Oceans

Are there any frontiers left for our dreams? We need a new genre that inspires us to clean up the Earth. We need stories where a sustainable ecology/economy is the new frontier. We need fiction that depicts healing of the Earth. We need optimistic tales that aren’t fantasy. We need practical utopias.

And, this is very important, we need to stop using fiction to escape. Hasn’t fiction become the frontier that’s replaced science fiction? Aren’t we all trying to live in the imaginary worlds of books, movies, television shows, comics, computer games, and virtual reality? I have to wonder if we don’t all believe we’re passengers on the Titanic and fiction is our heroin.

JWH

Science Fiction and Human Evolution

by James Wallace Harris, Friday, July 13, 2018

Are homo sapiens not quite intelligent enough to survive? Did you know the poor Neanderthal made the same stone tools for hundreds of thousands of years without discovering innovation? Homo sapiens have always assumed we had endless potential because we constantly create better technology. Is that true, or just hubris?

Most dreams of science fiction will remain fantasies. It’s unlikely we’ll ever have faster-than-light spaceships, or any kind of interstellar travel, time travel, matter transporters, brain downloading, living in virtual worlds, or become immortal. There are limits to our hopes.

But what about dreams that could still come true?

Our current reality reveals we’re a species that have so overpopulated the planet that we’re about to destroy our shared ecosystem with all other species, that we’re now bringing about the sixth mass extinction event, and we’re dismantling the first global civilization. We’ve amassed a pile of problems we can’t solve. Is there any hope we can smarten up before it’s too late? I doubt it, but let’s explore the possibilities of change.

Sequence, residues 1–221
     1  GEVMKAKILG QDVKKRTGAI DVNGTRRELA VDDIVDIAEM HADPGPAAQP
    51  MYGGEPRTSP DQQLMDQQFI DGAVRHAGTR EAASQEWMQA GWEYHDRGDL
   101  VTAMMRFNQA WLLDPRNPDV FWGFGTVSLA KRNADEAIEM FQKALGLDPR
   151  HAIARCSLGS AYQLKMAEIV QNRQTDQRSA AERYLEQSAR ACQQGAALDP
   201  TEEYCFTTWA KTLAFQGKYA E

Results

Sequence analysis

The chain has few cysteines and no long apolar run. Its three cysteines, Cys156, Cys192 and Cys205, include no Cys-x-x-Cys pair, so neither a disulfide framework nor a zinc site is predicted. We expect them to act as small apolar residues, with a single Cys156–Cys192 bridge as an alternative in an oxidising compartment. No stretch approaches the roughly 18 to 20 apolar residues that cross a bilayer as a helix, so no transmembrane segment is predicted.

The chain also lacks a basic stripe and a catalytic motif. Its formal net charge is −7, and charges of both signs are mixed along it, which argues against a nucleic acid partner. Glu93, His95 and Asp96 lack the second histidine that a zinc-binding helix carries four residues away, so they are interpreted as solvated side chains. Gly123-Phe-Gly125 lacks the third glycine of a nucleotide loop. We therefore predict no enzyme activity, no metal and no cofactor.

Science fiction has often assumed humans becoming a new species, but usually, it’s rather far-fetched, involving new people with psychic powers or comic book mutations and superpowers. A great deal of current science and science fiction explores the idea of post-humanism or transhumanism, but I think that’s mostly hopeful fantasy too. If we were realistic, how would a new species emerge and what traits would define it? Is there enough time to transform ourselves before the clock runs out? Prophets, philosophers, scientists, and science fiction writers have suggested many methods that humans might evolve.

  • Spiritual discipline. Yogis, fakirs, mystics, priests, and self-improvement gurus have taught us for thousands of years that we already possess the potential to be superior beings.
  • Medical technology. We’ve already expanded our lifespan and improved our bodies. Could we deploy the same research to expand the brain?
  • Eugenics. Is it possible to intentionally breed humans like farm animals to improve the species? It’s a vile idea that’s been thoroughly rejected but people still think about it.
  • Genetic engineering. We’re getting closer to manipulating our own genes. If CRISPR can edit out genetic diseases could it delete genes for dumbassness and add some for wisdom?
  • Accelerating evolution. What if we could use technology to physically change our brains? Such devices pop up in the news all the time. Will they always be sold by snake oil salesmen?
  • Cyborg technology. Can we enhance who we are by bolting on machines to our bodies and minds? What if we could embed smartphone technology directly into our skulls? I guess that’s one kind of evolved telepathy.
  • Uplift. Science fiction has often imagined humanity being improved with the help of superior aliens. I doubt aliens will visit us anytime soon but what if we build AI machines that bootstrap this process?

We know our species, homo sapiens evolved out of older species, but will a new kind of people ever evolve out of us? Modern humans have been around 300,000 years and maybe 500,000 years by some estimates. The “average” lifetime of a species of mammals is around 1 million years, although some species have been around for millions of years. We split from the lineage containing chimpanzees and gorillas about 6 or 7 million years ago, and 400,000 – 500,000 years ago Neanderthals and homo sapiens took forking paths. Modern humans and Neanderthal coexisted for over 200,000 years.

Here’s an illustration I borrowed from Wikipedia:

Human family tree